In the first three weeks of Project Valley Sweep

In the first three weeks of Project Valley Sweep

Project Valley Sweep sees 34 arrests in less than a month

Officers from Chilliwack, Abbotsford and Mission are taking on property crime in an intensive way by focusing on repeat offenders

Project Valley Sweep has been taking a coordinated approach to monitoring repeat property crime offenders — and it’s working according to early results.

“People may not be aware of how we are collaborating on this,” said Mayor Sharon Gaetz, about Project Valley Sweep.

“We know that crime doesn’t stop at our municipal borders, so working together only makes sense.”

A dedicated unit of officers from Chilliwack, Abbotsford and Mission was created in April and dispatched across the region to target property crime in an intensive way.

In the first three weeks of the Valley Sweep project, officers checked 160 people from a list of repeat offenders, and made 34 arrests.

The team’s work netted 21 new criminal charges, with the help of probation officers and Crown counsel.

Repeat and prolific offenders were the steely-eyed focus, with 38 of them undergoing curfew checks, to ensure compliance with any conditions.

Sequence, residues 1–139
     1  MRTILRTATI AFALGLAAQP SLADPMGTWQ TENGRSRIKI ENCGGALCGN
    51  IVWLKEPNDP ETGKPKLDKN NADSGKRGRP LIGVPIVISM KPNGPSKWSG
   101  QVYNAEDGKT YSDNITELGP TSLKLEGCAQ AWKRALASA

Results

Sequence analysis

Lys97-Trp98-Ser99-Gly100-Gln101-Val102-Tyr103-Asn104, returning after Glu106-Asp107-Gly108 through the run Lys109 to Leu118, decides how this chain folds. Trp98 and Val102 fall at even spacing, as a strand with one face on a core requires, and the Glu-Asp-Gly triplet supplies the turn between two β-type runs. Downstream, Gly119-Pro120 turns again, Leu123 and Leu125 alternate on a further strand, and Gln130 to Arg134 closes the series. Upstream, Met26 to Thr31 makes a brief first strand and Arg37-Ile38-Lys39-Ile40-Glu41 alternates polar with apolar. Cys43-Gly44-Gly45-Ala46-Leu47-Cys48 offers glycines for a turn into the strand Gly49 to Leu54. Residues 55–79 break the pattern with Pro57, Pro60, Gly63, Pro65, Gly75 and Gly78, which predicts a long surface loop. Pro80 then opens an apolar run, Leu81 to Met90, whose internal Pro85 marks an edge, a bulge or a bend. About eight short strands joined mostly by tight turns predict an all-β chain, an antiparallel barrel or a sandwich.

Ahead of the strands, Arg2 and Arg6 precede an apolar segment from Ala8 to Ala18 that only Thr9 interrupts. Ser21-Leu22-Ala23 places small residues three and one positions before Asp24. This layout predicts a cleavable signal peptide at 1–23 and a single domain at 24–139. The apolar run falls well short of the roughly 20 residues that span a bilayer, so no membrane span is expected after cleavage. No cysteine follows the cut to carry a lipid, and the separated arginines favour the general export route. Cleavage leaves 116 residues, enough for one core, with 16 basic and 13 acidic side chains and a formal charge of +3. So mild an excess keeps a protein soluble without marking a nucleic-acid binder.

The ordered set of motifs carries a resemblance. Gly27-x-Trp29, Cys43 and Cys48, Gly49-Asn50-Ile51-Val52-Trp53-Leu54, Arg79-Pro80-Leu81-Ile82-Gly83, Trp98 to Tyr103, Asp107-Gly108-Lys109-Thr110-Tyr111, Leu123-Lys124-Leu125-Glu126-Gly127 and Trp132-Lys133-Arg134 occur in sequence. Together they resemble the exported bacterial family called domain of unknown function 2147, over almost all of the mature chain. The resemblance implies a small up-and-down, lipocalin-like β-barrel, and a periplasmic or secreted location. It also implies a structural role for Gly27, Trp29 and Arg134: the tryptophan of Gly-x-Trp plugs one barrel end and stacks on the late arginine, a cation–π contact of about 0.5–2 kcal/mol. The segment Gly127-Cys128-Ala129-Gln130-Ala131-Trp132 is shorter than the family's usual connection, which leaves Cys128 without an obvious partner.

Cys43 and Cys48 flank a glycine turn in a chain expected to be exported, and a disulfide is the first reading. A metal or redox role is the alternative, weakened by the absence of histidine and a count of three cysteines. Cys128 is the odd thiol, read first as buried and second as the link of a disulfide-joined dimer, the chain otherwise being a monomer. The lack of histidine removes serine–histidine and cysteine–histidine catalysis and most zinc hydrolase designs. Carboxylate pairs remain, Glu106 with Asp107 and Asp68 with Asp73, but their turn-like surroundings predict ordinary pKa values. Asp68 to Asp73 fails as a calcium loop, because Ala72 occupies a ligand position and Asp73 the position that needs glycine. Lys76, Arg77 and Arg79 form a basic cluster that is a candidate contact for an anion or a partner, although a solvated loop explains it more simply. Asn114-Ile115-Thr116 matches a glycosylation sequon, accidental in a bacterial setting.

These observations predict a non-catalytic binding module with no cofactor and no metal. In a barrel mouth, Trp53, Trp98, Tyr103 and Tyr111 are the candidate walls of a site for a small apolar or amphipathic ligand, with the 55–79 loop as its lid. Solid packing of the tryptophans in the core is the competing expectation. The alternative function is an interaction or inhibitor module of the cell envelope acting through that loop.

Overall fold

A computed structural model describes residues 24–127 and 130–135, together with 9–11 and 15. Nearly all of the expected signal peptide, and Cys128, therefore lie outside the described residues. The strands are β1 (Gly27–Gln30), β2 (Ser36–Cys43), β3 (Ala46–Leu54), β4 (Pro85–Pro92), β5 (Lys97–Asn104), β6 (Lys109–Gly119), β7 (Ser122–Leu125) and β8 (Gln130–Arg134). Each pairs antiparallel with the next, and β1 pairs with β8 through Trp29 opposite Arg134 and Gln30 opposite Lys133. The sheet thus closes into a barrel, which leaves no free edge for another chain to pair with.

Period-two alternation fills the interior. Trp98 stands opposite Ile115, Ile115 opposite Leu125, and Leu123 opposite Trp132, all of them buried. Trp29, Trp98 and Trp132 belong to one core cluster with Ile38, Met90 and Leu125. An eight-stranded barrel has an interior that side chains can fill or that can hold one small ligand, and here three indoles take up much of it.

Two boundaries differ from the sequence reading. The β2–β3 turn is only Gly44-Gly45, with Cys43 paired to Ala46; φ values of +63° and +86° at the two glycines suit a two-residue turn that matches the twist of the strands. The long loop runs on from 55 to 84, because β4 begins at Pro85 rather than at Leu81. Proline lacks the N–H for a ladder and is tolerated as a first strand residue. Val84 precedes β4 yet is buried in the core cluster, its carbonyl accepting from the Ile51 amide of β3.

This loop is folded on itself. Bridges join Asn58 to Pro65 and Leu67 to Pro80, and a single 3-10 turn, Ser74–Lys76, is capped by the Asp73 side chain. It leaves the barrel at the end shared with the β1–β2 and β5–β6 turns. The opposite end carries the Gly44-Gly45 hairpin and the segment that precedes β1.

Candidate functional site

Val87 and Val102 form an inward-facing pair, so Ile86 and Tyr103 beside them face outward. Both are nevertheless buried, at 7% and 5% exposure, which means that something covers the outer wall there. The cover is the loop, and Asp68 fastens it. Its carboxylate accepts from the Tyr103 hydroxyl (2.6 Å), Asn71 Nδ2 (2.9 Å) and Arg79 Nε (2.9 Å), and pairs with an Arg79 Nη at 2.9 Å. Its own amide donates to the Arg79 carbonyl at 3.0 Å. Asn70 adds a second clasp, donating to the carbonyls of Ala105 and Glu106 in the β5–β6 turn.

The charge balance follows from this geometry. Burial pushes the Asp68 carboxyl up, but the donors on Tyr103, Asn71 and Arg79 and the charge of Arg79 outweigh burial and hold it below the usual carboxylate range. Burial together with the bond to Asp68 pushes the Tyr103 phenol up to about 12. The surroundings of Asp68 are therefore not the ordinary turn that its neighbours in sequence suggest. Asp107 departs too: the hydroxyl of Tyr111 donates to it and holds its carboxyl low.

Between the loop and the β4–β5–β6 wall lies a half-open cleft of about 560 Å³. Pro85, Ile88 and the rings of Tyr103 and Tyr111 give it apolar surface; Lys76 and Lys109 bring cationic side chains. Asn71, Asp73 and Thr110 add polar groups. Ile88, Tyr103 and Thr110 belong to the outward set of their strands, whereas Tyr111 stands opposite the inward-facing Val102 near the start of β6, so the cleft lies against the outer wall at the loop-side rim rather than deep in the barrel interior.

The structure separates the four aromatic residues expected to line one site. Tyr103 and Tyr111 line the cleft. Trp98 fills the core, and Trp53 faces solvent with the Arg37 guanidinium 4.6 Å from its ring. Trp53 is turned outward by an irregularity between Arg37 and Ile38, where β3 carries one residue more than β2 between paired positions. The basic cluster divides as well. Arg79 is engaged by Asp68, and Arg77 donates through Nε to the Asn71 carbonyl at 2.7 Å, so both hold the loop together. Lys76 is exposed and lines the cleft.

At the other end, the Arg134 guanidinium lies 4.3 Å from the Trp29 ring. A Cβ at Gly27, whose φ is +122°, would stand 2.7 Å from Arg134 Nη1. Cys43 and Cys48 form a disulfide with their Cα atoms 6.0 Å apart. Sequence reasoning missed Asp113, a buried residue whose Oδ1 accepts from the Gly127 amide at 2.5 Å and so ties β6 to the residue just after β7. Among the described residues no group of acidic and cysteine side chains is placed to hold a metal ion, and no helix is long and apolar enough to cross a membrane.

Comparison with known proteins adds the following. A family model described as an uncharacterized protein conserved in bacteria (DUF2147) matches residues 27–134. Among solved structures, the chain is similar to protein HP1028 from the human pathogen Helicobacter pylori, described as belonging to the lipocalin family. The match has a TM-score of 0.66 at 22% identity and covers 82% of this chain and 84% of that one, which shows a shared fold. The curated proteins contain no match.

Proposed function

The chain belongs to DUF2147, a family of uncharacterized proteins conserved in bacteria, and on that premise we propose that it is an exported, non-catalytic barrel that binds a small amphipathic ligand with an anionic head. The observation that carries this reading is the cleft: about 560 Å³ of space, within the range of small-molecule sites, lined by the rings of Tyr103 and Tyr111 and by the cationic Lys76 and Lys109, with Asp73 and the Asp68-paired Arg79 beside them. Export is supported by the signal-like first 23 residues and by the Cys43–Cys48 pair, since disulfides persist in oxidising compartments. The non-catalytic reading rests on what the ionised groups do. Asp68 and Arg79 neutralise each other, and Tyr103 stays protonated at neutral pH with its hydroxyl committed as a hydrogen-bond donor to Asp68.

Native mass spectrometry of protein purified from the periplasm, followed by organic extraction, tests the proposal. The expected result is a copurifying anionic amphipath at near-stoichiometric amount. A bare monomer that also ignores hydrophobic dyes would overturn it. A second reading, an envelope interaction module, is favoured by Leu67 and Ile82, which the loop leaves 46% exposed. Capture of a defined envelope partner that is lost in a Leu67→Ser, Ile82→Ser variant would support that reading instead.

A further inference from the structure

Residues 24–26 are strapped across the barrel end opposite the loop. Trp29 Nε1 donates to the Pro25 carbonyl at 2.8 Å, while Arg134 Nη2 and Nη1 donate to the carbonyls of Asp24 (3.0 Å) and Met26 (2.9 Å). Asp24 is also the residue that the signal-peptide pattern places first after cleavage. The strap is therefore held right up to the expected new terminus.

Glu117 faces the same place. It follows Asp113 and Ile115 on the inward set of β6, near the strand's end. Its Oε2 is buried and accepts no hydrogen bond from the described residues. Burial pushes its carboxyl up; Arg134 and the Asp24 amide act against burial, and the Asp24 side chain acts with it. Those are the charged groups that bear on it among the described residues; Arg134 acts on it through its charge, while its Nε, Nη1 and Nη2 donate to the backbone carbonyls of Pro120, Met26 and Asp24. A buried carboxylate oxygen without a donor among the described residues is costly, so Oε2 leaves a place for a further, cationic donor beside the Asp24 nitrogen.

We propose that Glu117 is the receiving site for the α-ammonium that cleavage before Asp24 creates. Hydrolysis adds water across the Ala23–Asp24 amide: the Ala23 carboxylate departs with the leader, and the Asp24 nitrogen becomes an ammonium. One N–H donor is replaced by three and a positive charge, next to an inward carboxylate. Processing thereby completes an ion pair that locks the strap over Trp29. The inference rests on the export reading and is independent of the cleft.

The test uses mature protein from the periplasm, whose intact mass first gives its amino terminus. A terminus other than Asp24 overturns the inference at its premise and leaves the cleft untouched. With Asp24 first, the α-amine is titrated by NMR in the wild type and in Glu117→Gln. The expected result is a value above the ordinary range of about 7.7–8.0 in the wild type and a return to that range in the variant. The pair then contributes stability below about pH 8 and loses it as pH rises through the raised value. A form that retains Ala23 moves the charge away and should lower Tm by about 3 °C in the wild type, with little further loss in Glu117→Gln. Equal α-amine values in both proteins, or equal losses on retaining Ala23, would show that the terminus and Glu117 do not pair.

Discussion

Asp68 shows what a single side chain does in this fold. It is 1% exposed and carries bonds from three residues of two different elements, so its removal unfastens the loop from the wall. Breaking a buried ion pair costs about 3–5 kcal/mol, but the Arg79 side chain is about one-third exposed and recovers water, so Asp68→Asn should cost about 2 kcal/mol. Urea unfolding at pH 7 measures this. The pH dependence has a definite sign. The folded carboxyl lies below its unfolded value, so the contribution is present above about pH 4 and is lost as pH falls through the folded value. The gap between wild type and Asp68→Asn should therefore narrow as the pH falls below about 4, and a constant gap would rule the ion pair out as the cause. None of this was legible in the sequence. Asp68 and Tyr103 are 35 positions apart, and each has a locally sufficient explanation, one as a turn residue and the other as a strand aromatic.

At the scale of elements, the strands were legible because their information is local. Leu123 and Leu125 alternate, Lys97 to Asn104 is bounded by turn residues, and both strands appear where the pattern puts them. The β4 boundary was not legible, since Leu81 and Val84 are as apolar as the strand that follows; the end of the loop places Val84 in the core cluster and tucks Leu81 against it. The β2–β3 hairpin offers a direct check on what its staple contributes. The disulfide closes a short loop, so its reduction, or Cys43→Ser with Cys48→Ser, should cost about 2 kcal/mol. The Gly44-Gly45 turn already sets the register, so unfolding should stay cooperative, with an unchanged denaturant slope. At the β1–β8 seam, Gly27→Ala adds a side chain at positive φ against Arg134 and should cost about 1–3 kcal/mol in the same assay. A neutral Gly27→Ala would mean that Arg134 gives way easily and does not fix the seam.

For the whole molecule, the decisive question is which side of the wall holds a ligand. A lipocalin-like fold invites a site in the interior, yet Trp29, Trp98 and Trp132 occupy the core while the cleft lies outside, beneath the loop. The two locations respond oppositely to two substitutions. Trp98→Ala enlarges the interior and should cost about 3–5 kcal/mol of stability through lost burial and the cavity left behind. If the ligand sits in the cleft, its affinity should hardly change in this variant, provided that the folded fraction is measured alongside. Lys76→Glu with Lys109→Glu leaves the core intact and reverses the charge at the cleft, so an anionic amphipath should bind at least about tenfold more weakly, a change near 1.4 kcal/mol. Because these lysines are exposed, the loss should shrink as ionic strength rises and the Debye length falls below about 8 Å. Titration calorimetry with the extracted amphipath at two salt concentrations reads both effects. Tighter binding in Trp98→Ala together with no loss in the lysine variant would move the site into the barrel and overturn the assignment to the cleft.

The Valley Sweep is led by seven officers from the three enforcement agencies, and crime stats analysis will play a big role in the project.

Three cities combined (Chilliwack, Abbotsford and Mission) have been seeing the same types of crimes on the rise, year over year from 2014 to 2015, thefts of autos (35%) thefts from autos (28%) and break and enters (20%).

RCMP Superintendent Deanne Burleigh, Officer in Charge of the Upper Fraser Valley Regional Detachment which includes Chilliwack, said police are taking the spike in property crimes seriously.

“We are overtly targeting property crime offenders as part of our commitment to keeping our citizens and their property safe,” she said when the project was announced.

The joint nature of the operation, she added, is because police have noted offenders travelling between communities, committing crime or dealing in stolen goods.

There’s a long term vision behind the Valley Sweep project, and those arrested were all offered help to break free from addiction patterns that impact the offenders, as well as entire communities.

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